What Would U.S.-North Korea Talks Look Like? Mike Pence Seems Open To Them

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Mike Pence just finished a tour of Asia in which he called North Korea the "most tyrannical and oppressive regime on the planet." But as he returned to the United States, the vice president seemed willing to open up a dialogue with the country. The specifics of any U.S.-North Korea talks remain to be seen, but they'd surely center around North Korea's nuclear and missile programs.

Pence told reporters aboard Air Force Two on Sunday that now is the time for "maximum pressure and engagement at the same time.” The reassessment comes as South Korea begins some of its friendliest contact with the hermit kingdom in years, and Japan warns other countries about North Korea's "smile diplomacy."

In the past, the Trump White House has demanded that North Korea take steps to stop its weapons programs before hoping for any direct negotiations. But that hardline position appears to be softening, following a conversation between Pence and South Korea's president, Moon Jae-in. Moon promised Pence that he wouldn't give the North any concessions just for talking.

That led to Pence telling a Washington Post reporter on the plane:

The point is, no pressure comes off until they are actually doing something that the alliance believes represents a meaningful step toward denuclearization. So the maximum pressure campaign is going to continue and intensify. But if you want to talk, we’ll talk.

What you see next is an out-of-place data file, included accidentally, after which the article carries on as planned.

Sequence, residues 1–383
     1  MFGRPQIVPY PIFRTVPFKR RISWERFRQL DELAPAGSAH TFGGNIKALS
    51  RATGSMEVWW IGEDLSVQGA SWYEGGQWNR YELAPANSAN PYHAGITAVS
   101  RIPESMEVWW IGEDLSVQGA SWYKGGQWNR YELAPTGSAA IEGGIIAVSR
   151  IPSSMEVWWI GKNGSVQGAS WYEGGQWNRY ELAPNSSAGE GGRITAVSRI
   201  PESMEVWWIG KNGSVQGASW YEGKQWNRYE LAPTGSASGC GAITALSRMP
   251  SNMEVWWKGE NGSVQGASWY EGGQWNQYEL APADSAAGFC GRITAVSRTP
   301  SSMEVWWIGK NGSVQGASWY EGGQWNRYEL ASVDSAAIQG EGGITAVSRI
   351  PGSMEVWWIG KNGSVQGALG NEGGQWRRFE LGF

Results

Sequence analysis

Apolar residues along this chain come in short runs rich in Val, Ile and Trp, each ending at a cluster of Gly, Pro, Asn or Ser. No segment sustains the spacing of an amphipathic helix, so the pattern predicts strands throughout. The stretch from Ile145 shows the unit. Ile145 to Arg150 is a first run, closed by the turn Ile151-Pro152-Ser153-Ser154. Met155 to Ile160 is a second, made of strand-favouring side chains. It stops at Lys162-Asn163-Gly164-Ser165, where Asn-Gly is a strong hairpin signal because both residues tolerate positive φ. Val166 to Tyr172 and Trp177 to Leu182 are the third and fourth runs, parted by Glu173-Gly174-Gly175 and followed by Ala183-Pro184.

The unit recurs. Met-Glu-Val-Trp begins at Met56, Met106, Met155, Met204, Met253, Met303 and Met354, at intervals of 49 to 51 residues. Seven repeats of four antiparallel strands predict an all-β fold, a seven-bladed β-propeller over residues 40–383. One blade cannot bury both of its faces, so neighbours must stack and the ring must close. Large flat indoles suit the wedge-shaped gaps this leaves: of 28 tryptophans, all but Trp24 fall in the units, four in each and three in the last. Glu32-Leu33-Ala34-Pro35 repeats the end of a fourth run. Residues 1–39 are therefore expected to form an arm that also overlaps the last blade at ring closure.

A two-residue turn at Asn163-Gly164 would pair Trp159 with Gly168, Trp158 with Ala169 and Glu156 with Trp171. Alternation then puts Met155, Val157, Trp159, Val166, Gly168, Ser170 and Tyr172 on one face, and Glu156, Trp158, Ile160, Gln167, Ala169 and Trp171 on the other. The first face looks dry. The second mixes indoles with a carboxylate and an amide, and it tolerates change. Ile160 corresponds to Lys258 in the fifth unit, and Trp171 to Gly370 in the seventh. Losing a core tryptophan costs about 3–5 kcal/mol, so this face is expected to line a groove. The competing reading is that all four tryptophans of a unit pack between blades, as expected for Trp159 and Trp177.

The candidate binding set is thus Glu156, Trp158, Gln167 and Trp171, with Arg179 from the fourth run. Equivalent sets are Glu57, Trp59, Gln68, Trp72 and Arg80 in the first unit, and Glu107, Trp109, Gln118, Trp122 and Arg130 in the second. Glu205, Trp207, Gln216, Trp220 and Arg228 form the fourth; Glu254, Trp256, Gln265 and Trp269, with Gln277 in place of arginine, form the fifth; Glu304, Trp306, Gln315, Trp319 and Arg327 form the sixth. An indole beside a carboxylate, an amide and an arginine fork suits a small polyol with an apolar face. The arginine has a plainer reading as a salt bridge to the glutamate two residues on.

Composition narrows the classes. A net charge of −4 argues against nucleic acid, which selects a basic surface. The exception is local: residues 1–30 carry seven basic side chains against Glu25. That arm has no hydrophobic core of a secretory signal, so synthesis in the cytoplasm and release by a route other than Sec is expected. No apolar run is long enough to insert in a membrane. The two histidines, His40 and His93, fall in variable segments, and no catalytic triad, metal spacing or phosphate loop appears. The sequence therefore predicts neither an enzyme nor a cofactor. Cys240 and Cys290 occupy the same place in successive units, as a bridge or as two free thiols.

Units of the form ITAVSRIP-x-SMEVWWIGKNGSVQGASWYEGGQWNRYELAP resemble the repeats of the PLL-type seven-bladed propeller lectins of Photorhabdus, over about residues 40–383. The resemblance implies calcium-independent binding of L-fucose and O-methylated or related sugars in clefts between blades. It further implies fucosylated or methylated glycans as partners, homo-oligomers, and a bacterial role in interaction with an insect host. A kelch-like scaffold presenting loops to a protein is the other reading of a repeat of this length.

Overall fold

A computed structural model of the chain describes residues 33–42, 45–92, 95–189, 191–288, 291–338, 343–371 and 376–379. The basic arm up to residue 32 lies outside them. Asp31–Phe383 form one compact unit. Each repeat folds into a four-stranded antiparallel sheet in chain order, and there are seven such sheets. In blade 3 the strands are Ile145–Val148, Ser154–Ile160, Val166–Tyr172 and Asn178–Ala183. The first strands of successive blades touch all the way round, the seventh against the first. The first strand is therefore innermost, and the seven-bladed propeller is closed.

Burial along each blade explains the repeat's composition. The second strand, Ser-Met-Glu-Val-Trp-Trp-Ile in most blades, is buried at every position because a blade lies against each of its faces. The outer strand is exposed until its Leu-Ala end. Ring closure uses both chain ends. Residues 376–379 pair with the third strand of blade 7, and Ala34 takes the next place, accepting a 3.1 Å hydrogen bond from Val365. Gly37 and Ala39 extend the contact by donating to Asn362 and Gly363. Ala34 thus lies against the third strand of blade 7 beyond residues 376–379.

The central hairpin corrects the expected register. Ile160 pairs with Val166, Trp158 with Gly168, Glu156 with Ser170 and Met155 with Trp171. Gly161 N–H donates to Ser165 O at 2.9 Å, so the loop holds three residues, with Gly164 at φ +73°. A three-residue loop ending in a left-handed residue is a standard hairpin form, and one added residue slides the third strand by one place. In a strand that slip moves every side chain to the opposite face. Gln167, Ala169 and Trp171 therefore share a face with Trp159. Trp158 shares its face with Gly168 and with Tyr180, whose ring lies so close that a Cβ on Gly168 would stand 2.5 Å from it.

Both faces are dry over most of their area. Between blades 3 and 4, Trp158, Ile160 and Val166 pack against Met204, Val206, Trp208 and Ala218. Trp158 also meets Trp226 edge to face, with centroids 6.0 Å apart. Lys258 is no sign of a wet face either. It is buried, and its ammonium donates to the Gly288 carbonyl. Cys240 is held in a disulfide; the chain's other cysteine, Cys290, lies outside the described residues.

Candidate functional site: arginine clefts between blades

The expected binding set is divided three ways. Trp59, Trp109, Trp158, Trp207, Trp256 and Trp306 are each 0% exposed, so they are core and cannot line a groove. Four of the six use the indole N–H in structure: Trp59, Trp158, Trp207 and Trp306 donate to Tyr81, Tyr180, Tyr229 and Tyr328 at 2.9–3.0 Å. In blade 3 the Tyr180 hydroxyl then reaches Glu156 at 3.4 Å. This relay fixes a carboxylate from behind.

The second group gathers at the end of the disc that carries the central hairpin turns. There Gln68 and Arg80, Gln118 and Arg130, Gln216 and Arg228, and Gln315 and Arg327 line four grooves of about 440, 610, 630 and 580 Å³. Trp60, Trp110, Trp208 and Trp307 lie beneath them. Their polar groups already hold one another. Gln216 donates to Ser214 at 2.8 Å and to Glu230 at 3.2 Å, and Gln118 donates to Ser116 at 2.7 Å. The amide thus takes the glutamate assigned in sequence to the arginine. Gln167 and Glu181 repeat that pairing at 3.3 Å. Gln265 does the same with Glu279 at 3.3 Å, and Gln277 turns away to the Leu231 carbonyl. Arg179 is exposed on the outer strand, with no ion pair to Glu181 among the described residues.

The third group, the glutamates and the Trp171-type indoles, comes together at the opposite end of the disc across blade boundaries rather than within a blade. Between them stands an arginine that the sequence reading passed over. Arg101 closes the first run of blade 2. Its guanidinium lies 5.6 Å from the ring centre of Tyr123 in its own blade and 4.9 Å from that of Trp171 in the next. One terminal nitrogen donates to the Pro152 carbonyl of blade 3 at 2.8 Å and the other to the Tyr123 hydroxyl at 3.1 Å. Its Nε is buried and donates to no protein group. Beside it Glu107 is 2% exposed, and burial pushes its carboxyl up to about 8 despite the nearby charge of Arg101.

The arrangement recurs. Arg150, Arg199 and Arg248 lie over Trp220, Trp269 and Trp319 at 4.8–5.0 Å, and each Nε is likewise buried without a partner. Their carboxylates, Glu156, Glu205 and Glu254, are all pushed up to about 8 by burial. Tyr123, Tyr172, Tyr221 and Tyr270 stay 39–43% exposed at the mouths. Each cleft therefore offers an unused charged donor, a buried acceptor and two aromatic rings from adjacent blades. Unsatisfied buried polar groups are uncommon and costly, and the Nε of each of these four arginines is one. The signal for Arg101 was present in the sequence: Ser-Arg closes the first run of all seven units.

Earlier that week, Pence told reporters while en route to Asia just what he would say if he were to see the North Korean delegation at the 2018 Winter Olympics in PyeongChang (no meeting never materialized). His comments, via the Washington Post, could shed some light on what the United States would want to talk about in any potential meeting:

That North Korea must once and for all abandon its nuclear weapons program and ballistic missile ambitions, and it must accede to the wishes not only of nations across the region and the United States, but nations across the world, to really abandon those ambitions and enter the family of nations. North Korea can have a better future than the militaristic path, the path of provocation and confrontation that it’s on. Better for its own people, better for the region, and better for peace.

As for the North Koreans, they would likely be bargaining for sanctions relief and economic support. Ri Son-gwon, the head of the North Korean delegation at the Olympics, didn't address the country's weapons programs with South Korea. "The target of all of our nuclear and hydrogen bombs and ICBMs and all other sophisticated weapons is the US," he said. That would put the weapons programs at the center of any forthcoming talks.

North Korea still considers itself at war with the United States, as there was no peace treaty at the end of the Korean War. The regime's ultimate goal is reunification with South Korea on its terms, as well as a removal of U.S. troops and weapons from the region.

That will be an absolute non-starter for the United States, so a reduction in sanctions is perhaps the best that North Korea can hope for. Reports point to sanctions finally having their intended effect of crippling North Korea's economy and even preventing the country from paying its dues to the United Nations.

If that's what North Korea wants, they should expect the Trump administration not to budge in response. Before his trip, Pence tweeted that all options are on the table. "I’ll travel to Japan & S Korea to attend the Olympics & cheer on our athletes," Pence tweeted. "But I’ll also be there to deliver a message: the era of strategic patience is OVER. As N. Korea continues to test ballistic missiles & threaten the U.S, we’ll make it clear all options are on the table." Now, talks do appear to be one of those options.